11th JULY 1923



extracted and adapted from the report by 

A incident occurred about 6.26 p.m. on the 11th July at London Bridge on the Brighton Section of the Southern Railway. In this case after the 6.2 p.m. electric train from Victoria had arrived at London Bridge, and was waiting at No.10 platform road rear to make its return journey, an explosion occurred in the motorman’s compartment of one of the intermediate motor coaches.

As a result of the explosion two of the windows on opposite sides of the compartment in question were shattered, and also one of the windows of a passenger train standing alongside it in No.11 platform road. Six of the passengers in this train were injured by the broken glass. The other two windows of the motorman’s compartment were jarred from the closed to the open position.

As regards the stock, practically no damage was done beyond the breakage of this glass and a slight bulging in the door enclosing in the door enclosing the high tension chamber in the motor coach in which the explosion took place.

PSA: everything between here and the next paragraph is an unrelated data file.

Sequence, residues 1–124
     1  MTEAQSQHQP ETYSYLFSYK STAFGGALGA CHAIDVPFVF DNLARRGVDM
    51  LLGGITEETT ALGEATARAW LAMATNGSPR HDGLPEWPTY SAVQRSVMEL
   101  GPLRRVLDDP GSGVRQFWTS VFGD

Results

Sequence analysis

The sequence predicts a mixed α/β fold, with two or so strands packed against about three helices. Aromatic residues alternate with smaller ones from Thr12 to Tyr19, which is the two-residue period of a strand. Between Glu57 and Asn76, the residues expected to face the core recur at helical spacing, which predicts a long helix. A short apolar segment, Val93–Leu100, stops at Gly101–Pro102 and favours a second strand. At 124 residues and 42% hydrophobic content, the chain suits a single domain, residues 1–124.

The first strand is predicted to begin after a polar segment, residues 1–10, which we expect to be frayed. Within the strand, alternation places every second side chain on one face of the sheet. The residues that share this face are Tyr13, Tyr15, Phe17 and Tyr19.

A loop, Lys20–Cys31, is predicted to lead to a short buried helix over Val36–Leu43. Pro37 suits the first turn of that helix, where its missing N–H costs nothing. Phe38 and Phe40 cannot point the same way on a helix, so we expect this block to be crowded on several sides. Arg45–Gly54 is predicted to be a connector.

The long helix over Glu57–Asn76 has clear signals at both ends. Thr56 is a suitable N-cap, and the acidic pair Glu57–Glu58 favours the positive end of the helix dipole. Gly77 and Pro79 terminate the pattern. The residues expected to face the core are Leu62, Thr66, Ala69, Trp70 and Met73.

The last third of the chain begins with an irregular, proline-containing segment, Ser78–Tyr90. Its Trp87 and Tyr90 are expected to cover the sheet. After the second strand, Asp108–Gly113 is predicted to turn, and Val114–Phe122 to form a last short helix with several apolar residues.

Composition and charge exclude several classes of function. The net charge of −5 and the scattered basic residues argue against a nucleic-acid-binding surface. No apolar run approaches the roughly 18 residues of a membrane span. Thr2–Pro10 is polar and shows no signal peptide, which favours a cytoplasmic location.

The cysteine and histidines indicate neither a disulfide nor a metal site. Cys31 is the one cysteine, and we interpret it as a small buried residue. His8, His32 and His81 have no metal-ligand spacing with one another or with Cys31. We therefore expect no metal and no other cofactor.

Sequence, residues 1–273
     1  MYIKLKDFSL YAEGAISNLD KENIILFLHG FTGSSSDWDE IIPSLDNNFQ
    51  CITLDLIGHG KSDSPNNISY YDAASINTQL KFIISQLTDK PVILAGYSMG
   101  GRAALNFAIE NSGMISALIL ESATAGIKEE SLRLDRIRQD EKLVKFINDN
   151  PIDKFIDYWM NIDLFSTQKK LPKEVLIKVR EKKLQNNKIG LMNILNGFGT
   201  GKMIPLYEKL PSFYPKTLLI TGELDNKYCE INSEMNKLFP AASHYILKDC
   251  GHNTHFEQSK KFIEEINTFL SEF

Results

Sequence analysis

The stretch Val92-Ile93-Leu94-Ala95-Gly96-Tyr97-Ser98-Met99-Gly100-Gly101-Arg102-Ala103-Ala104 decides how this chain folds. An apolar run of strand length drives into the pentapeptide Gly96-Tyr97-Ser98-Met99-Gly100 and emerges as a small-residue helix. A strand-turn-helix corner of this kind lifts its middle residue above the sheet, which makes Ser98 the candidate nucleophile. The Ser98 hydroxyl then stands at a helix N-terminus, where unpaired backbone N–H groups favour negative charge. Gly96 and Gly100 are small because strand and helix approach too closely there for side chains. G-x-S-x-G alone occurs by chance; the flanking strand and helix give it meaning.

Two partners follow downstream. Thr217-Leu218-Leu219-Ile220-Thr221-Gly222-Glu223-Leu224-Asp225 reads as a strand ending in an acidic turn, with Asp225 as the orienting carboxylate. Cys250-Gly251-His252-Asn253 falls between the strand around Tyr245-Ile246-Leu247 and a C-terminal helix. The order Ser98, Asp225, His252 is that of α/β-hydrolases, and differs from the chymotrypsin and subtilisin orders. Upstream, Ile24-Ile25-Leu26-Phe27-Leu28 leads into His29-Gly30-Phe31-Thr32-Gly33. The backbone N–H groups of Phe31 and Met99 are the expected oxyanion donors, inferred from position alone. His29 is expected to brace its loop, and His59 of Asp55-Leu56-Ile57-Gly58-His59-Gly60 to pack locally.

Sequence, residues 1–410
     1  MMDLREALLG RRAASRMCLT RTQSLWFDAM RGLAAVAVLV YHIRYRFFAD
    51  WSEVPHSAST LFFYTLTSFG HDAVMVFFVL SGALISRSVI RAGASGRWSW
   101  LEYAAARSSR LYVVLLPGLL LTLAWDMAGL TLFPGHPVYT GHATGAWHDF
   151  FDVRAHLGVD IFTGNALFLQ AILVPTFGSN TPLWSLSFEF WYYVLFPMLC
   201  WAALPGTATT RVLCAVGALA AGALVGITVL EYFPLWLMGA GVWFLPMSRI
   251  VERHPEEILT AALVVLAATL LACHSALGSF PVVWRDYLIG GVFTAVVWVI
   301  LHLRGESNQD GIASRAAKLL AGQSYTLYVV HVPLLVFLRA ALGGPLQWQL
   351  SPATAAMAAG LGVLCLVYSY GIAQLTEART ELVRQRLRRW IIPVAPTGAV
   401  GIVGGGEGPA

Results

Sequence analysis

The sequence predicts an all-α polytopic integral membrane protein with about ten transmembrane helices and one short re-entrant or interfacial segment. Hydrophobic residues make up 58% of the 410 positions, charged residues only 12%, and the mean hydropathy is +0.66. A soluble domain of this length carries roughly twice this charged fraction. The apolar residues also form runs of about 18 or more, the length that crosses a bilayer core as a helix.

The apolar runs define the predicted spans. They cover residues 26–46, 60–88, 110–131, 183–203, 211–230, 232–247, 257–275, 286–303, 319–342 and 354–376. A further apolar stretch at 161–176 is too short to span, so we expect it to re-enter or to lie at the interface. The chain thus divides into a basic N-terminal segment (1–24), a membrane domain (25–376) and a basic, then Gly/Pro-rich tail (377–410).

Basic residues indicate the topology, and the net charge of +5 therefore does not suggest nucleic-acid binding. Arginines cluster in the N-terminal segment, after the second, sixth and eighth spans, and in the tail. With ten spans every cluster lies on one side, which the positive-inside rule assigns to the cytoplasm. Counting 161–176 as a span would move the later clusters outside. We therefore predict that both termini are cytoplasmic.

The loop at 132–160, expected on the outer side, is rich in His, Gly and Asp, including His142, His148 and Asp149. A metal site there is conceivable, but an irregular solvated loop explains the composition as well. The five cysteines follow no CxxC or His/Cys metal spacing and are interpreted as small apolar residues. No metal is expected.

The train consisted of the following stock, marshalled in the order shown from the terminal buffer stops t which it was standing:- 

Driving Trailer 4068, Motor Coach 3212, Driving Trailer 4060, Motor Coach 3224, Driving trailer 3226 & Motor Coach 3202.

The total length of this train was 345ft. 9in. over buffers. The compartment in which the explosion took place was t the end of coach 3224 remote from the buffer stops, that is to say, at the far end of the fourth coach from the terminus.

The evening in question was a fine and very hot.

The train which included this motor coach, was taken over by motorman B.H. Smith, at the Peckham Depot, which it left a4.17 p.m., to run empty to London Bridge. Smith stated that he examined all fuses; opened the high tension chamber doors of each motor coach, and saw that everything was in good order. He examined the level of the oil in all the-oil switches and found it to be correct. He also tested the brakes and the working of the bows of all motor coaches and found them to be in good working order. He then drove the empty train to London Bridge and found that it behaved in a satisfactory manner. On arrival at London